Is it really true the fantasy gods could be smiling down on Sam Bradford in 2011?
Hey, we wouldn't josh about that!
With Josh McDaniels taking over as the Rams' new offensive coordinator, it's quite possible Bradford's fantasy numbers could skyrocket in his second season under center after falling just short of leading the Rams into the playoffs as a rookie.
Bradford's numbers weren't too shabby directing previous coordinator Pat Shurmur's "small ball" passing attack in 2010. He set NFL rookie records for completions (354) and attempts (590) without the benefit of any elite pass catchers, and his passing totals (3,512 yards; 219.5 ypg) were the second best by a rookie behind Peyton Manning's 3,739 yards in 1998 for Indianapolis.
Bradford also set a league rookie record with 174 consecutive attempts without an interception — another very fantasy-friendly factoid worth noting.
If McDaniels remains true to form, the Rams' offense should be much livelier this season, with a lot more deep balls and a lot more creative options. Before being let go as the head coach of the Broncos late last season, Denver's offense used a lot of three-WR, one-back sets and often would throw out of an empty backfield on 3rd-and short.
McDaniels' offense is the third different scheme Bradford will be forced to learn in the last three years. But Bradford previously flourished in a spread offense at Oklahoma and looked comfortable in the no-huddle when the Rams ran it sparingly in 2010. McDaniels, who also apparently will serve as Bradford's QB coach next season in place of the retired Dick Curl, has a strong track record of working with quarterbacks.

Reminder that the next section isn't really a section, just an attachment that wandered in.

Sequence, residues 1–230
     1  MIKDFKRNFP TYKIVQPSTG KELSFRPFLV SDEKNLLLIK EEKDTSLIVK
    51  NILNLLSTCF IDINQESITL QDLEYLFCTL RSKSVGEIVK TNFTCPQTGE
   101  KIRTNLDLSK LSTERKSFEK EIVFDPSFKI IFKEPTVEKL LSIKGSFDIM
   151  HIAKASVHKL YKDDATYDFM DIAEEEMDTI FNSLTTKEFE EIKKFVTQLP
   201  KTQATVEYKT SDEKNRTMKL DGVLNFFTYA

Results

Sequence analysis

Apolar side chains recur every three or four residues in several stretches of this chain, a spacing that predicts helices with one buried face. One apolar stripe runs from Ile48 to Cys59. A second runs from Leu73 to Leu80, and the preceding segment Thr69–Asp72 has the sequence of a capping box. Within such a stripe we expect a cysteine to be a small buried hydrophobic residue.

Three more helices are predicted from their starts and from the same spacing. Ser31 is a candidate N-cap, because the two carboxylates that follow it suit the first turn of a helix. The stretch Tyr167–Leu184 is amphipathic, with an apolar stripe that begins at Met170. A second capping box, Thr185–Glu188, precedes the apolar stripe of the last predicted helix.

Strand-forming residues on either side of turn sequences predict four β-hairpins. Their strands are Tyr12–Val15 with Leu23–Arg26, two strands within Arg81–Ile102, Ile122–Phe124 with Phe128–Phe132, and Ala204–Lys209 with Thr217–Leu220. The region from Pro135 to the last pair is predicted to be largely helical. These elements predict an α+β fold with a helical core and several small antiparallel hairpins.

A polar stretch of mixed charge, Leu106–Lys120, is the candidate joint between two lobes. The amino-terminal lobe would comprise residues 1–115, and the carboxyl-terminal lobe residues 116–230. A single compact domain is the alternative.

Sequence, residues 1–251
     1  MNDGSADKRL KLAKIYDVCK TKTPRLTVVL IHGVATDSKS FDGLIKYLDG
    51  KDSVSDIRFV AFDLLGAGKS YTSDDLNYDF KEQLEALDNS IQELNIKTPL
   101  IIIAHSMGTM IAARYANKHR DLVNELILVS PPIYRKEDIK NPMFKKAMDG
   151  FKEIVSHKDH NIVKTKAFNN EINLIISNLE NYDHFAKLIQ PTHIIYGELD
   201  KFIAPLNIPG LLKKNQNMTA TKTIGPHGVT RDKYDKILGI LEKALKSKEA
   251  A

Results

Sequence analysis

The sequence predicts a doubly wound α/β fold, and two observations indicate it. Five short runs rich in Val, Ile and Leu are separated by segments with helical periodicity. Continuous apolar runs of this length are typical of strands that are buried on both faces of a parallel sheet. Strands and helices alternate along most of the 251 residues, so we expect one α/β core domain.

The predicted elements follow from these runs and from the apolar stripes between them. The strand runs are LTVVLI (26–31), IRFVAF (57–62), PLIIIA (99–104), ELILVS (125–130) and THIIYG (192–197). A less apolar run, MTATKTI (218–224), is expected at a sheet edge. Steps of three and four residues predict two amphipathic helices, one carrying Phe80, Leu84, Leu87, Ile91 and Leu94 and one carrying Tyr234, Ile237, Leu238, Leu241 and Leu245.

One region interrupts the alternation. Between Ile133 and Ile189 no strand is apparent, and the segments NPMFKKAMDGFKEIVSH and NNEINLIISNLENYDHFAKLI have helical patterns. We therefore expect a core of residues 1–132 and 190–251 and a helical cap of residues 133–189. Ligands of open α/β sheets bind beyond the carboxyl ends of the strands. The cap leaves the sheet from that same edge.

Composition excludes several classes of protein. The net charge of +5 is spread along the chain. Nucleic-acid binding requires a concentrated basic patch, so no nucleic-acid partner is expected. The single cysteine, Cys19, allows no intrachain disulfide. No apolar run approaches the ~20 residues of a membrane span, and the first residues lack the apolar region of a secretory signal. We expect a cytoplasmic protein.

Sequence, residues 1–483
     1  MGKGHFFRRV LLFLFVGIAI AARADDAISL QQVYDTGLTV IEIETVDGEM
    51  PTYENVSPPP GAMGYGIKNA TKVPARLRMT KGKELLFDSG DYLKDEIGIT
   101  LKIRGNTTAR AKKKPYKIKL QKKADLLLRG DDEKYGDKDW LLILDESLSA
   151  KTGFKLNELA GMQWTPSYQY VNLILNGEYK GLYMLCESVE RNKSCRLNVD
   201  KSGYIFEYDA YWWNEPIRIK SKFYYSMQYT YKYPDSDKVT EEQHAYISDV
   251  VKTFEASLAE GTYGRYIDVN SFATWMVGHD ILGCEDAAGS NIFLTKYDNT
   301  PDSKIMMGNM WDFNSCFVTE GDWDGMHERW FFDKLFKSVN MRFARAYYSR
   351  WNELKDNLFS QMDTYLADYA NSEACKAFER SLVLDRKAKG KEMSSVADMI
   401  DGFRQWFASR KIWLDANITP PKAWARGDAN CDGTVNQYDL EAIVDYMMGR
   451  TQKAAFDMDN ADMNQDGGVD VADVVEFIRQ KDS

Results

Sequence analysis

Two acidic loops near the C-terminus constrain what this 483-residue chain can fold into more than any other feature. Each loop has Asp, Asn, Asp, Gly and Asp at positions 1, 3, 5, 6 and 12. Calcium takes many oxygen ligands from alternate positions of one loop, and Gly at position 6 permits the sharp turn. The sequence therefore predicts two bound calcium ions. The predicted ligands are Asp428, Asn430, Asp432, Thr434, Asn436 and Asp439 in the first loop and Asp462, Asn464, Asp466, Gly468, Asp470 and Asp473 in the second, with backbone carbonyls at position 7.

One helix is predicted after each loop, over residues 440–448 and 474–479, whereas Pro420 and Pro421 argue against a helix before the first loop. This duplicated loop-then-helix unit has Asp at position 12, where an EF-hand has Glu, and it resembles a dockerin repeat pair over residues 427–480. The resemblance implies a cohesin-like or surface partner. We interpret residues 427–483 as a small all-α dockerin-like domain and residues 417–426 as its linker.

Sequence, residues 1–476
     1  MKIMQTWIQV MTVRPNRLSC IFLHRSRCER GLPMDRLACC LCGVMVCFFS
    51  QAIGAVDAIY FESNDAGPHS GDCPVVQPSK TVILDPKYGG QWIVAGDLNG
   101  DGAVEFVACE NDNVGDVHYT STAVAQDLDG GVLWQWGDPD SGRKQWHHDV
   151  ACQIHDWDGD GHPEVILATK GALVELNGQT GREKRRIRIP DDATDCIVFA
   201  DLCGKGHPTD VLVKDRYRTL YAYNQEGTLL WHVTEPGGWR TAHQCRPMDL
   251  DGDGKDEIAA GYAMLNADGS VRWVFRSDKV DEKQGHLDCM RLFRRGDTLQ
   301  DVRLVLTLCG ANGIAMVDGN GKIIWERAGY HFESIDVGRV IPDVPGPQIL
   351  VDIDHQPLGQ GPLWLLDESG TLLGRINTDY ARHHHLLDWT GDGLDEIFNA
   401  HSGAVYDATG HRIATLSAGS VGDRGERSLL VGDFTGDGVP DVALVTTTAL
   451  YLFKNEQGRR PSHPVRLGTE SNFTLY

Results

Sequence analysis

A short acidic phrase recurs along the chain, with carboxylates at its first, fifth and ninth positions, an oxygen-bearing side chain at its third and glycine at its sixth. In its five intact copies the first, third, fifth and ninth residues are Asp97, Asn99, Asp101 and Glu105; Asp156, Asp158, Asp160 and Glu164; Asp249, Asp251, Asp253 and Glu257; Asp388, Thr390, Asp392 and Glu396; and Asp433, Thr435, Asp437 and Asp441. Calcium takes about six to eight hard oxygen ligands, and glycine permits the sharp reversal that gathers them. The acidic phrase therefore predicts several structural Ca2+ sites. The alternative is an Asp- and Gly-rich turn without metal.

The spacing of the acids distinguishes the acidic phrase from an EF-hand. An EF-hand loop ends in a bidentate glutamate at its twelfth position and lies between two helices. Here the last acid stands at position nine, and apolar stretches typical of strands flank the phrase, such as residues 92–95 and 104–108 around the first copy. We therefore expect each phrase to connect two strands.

By all accounts, Bradford couldn't be more pumped up about the new offense, which he has been working on very diligently all offseason after receiving a copy of McDaniels' playbook at the end of April.
Bradford will have no shortage of targets after the Rams spent three of their top four picks on receivers in the 2011 draft (second-round TE Lance Kendricks, third-round WR Austin Pettis and fourth-round WR Greg Salas) and added Mike Sims-Walker in free agency. There's reason to believe that McDaniels' Rams offense could be similar to the 2010 Patriots offense that got such great mileage out of rookie TEs Rob Gronkowski and Aaron Hernandez.
Bradford, who has shown a real flair for connecting with tight ends, could have lots of fun hooking up with Kendricks and sure-handed second-year TE Michael Hoomanawanui in the same manner Tom Brady did with Gronkowski and Hernandez. McDaniels coordinated the Patriots' 2007 offense that set a league record with 589 points.
Entering the 2011 season, the one component that Bradford is lacking is a rock-solid No. 1 receiver who can do consistent damage downfield. Free agent Mark Clayton, who remains unsigned at this writing, comes the closest to filling that role, but he's really an ideal No. 2 receiver. But McDaniels also manages to consistently bring out the best in his featured receivers (see Denver's Brandon Lloyd last season).
Bradford has been communicating regularly with the team's rookie receivers. Kendricks and Salas bunked at Bradford's house during the Rams' four-day workout session at Lindenwood University in late May, during which the QB made a strong impression with what appeared to be greatly improved leadership skills.
Bradford also worked out with some receivers in the Phoenix area the first part of June and then conducted an under-the-radar throwing session in Oklahoma with a group of pass catchers that included Rams slot receiver Danny Amendola.
Bradford, who took every snap as a rookie, displayed surprising athleticism and mobility. He had one TD run last season but has the skills to register a few more, which should further improve his fantasy stock.
His courtship with McDaniels is just beginning. But all indications are that a fantasy marriage made in heaven could be in the offing.